They use about 20% of the electricity an incandescent bulb uses and come in warm white and daylight color. A 12 watt CFL bulb is equivalent to 60 watt incandescent, which is pretty good. Their lifespan is rated at 10,000 hours, ten times longer than an incandescent. The downside of the CFL bulbs is the time they need to ‘warm up’. It takes about 30 seconds to get to full brightness.
- Pros: Longer lifespan, 80% energy saving, choice of color
- Cons: Warm up time, Initial purchase price, can’t be used with dimmer
- Costs: $0.01 per day (12 watt, 3 hours a day)
Conclusion: If you already have them, keep them. No need to replace with LED if they are still working. Once they need replacement, do replace them with LED.
Okay, I like LED bulbs. I really like them. When it comes to standard lighting, whether it be the living room, garage, outdoor lights, … LED is the way to go.
LED bulbs are basically the same as the dashboard lights in your car, but brighter. They have a lifespan rating of 15,000 hours or more. These bulbs can be switched on/off as often as you like, it doesn’t affect their lifespan and they use almost all energy to produce light. Even the brightest bulb is safe to touch. And they come in all colors, with warm white and cool daylight as standard, but some bulbs can change to any color , like the Philips Hue series. Expensive, but awesome. Basically, with LED, anything is possible.
And above all that, they barely use any electricity at all! We power our living room, bedroom, office and kitchen for under 100 watt in total. With incandescent bulbs this would have been a total of 600 watt. That’s 2 cents versus 15 cents per hour! Yay for savings!!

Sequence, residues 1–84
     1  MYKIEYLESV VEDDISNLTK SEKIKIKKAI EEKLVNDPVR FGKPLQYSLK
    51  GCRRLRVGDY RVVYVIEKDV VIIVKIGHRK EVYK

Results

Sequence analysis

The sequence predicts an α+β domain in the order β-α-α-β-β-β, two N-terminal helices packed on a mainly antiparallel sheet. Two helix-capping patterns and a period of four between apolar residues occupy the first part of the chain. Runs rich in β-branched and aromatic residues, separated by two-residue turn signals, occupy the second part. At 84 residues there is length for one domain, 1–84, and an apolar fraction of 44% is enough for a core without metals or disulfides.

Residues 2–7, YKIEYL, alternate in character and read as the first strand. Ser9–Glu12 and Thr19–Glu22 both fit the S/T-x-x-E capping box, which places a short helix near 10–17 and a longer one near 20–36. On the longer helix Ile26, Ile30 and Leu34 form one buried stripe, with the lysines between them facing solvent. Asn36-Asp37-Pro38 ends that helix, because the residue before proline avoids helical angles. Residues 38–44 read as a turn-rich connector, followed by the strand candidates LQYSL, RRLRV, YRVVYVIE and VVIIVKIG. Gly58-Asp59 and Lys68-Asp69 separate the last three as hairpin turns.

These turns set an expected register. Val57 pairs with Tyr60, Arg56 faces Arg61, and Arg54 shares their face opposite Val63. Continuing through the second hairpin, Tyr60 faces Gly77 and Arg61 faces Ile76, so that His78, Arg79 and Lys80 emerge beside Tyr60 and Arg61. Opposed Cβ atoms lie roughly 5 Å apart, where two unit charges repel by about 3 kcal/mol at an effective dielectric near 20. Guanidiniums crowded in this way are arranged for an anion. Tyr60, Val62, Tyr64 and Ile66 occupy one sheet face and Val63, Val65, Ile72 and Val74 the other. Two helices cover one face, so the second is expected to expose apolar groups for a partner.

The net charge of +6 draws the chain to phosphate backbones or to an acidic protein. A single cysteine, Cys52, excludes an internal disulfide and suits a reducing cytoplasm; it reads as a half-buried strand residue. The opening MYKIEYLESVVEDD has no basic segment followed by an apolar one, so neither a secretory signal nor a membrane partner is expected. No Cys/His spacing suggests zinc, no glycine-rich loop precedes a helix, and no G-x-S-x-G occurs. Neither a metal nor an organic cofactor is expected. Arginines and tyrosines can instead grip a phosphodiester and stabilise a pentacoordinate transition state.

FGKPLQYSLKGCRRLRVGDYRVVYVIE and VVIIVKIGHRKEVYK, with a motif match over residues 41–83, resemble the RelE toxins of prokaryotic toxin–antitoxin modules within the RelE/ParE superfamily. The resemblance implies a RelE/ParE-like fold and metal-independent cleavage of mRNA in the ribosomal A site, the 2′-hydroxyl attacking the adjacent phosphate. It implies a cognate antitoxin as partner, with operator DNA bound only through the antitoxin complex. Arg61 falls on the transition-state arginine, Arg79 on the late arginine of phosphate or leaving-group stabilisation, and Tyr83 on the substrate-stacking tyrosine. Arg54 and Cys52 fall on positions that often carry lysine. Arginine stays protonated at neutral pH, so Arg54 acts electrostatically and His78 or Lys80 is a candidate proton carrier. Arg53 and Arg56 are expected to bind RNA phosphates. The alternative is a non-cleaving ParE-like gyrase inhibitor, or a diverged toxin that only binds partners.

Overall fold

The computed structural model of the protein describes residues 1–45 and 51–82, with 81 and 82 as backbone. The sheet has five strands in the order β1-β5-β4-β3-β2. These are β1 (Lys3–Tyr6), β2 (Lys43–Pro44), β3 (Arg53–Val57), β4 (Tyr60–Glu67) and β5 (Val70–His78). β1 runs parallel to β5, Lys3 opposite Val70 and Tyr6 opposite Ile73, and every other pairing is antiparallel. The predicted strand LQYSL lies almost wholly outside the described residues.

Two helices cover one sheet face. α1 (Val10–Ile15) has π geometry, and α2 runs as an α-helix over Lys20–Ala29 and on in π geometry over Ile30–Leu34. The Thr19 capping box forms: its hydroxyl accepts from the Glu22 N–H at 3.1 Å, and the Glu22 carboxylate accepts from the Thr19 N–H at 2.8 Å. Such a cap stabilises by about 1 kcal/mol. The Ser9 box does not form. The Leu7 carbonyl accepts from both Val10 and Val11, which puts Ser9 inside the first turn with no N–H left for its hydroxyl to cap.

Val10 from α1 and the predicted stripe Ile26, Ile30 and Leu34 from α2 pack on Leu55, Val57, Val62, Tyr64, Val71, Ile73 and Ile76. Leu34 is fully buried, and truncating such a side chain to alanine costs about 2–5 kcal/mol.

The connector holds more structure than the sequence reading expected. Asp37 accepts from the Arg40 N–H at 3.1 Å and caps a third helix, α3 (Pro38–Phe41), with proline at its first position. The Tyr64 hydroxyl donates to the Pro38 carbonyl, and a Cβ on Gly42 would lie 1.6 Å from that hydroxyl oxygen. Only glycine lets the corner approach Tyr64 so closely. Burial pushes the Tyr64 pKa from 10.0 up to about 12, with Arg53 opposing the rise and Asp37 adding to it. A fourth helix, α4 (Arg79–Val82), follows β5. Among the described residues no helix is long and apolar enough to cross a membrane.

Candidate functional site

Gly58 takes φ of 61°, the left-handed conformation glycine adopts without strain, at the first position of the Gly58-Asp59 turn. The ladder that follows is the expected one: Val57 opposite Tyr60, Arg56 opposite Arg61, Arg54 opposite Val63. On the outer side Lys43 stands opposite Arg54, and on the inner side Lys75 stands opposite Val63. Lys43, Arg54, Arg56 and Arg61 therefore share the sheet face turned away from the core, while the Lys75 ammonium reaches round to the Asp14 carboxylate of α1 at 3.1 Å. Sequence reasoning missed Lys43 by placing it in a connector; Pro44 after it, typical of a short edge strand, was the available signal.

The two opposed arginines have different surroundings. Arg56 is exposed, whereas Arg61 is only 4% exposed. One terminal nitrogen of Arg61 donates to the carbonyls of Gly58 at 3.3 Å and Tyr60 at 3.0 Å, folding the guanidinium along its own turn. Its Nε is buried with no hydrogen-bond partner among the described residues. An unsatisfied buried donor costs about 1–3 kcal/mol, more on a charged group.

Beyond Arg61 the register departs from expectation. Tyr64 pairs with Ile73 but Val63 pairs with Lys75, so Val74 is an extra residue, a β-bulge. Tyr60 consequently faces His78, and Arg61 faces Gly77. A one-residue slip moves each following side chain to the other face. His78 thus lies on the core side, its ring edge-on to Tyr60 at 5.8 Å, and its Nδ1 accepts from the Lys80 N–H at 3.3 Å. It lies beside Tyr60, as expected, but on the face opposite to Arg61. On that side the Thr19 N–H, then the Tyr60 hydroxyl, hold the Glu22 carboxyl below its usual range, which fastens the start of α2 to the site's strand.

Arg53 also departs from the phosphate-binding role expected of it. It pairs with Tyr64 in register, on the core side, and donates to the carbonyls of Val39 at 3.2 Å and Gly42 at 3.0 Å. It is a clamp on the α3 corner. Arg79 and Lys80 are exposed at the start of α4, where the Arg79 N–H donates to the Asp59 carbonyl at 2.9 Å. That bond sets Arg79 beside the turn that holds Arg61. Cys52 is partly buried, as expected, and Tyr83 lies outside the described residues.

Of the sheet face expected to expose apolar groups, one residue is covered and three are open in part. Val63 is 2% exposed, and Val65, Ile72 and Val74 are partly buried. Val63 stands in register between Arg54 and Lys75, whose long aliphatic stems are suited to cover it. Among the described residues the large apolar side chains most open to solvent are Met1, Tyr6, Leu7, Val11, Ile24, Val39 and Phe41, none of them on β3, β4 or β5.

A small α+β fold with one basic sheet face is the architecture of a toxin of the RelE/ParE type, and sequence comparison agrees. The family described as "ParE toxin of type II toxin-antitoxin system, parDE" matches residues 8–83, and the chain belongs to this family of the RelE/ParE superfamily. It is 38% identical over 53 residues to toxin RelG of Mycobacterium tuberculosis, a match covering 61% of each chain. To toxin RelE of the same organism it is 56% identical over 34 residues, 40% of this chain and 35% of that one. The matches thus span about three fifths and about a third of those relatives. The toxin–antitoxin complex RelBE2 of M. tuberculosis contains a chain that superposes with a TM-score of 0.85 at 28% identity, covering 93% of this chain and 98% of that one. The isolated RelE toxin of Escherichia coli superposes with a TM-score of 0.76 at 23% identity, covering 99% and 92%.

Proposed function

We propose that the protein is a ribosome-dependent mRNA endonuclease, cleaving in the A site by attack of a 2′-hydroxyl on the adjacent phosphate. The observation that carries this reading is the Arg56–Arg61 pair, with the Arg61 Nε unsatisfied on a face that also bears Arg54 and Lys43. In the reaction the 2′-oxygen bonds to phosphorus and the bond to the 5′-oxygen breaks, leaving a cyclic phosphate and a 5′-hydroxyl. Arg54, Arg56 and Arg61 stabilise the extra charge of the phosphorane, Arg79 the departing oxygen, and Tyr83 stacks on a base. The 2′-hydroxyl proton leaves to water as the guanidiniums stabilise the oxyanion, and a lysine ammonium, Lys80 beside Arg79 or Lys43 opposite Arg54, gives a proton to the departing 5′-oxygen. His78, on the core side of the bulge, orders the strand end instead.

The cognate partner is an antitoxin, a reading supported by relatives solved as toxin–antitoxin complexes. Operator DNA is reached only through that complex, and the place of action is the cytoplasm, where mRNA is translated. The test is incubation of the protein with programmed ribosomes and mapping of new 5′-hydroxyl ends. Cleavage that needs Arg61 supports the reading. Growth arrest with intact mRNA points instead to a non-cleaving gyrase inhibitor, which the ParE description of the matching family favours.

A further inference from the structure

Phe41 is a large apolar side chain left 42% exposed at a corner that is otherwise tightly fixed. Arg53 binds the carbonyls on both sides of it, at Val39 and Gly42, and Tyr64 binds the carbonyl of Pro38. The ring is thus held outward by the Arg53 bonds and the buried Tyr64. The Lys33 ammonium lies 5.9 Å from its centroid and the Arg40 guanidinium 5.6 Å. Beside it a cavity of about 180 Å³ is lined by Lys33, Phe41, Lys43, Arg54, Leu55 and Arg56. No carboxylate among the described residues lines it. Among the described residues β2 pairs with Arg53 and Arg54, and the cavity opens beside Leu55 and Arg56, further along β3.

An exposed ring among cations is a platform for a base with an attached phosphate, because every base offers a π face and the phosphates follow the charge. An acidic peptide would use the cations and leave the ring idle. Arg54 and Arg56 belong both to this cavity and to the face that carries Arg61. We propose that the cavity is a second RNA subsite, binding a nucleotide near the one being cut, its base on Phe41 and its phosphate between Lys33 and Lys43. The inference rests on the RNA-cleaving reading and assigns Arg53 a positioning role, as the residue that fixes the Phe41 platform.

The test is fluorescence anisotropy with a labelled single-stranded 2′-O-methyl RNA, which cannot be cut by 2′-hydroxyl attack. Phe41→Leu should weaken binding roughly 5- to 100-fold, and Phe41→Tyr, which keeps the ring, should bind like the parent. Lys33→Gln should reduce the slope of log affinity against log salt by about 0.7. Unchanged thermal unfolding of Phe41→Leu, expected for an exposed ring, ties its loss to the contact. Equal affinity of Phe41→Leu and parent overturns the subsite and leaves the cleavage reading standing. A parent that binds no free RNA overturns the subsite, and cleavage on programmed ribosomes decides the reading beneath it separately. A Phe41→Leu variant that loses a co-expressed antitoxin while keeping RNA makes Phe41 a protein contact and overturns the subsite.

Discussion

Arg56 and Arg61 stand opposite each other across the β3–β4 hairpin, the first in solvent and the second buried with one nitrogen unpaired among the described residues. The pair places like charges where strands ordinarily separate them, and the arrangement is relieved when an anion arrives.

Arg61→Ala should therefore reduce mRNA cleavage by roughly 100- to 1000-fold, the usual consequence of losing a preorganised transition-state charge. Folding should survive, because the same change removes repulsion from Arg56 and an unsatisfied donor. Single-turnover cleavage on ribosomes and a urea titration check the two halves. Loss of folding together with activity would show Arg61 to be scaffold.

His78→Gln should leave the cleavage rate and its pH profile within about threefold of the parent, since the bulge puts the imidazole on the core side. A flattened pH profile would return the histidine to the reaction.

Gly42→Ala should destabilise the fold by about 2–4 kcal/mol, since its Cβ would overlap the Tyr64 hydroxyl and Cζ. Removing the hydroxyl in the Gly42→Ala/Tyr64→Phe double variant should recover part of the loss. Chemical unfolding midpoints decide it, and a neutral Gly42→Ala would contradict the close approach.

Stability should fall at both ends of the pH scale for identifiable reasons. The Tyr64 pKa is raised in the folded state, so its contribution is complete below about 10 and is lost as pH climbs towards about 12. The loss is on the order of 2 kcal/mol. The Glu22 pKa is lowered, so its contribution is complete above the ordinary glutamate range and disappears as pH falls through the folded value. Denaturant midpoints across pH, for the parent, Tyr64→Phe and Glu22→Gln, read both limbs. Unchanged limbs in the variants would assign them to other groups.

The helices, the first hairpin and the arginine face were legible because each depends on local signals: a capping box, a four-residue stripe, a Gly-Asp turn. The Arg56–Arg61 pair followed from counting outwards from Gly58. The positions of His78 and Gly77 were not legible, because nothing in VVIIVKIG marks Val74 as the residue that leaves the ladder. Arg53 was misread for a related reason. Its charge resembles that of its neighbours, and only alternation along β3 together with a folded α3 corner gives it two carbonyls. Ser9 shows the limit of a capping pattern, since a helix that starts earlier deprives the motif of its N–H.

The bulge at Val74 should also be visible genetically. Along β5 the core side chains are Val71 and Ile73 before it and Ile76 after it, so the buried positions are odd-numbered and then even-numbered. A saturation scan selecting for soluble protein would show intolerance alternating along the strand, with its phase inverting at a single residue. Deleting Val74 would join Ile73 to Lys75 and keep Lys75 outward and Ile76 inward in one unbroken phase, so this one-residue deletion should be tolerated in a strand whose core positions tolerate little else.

And what about the purchase price? Well, the bulbs we have came from our local hardware store, and we bought a pack of 6 bulbs for $9. They’re cheaper than any CFL and save even more power! Yay for savings!!
- Pros: Low energy consumption, 80-85% energy saving, long lifespan, choice of color
- Cons: Most LED bulbs can’t be used with a dimmer
- Costs: $0.008 per day (10 watt, 3 hours a day)
Conclusion: LED is definitely becoming the new standard. And they’re getting cheaper and cheaper. They outlive any other type of bulb and use the least amount of energy, which is good for your savings and the planet! Dimmable LED bulbs are still pretty expensive (at around $6 each), but will gradually become cheaper too.
What’s this 3000K or 6500K?
One thing I did not really talk about extensively, as I didn’t want to get too technical, is color. When you buy a bulb, it already tells you ‘warm white’, ‘soft white’, ‘daylight’, ‘cool daylight’, so you have an idea what to expect.
These colors (or color temperatures) are measured in Kelvin (K), generally ranging between 2700K and 6500K, where 2700K is the warm yellow-ish color and 6500K is the cool blue-ish color.
So, a 4000K bulb will be in between warm white and daylight, but most likely you’ll only see 2700K/3000K and 6500K. For tube lights, by the way, this is noted as x40 and x65, for example 840 and 865. So an 865 tube light is bright cool daylight. An 840 tube would be warm-ish white.
If you have any questions regarding this article, let me know! I’m happy to answer them!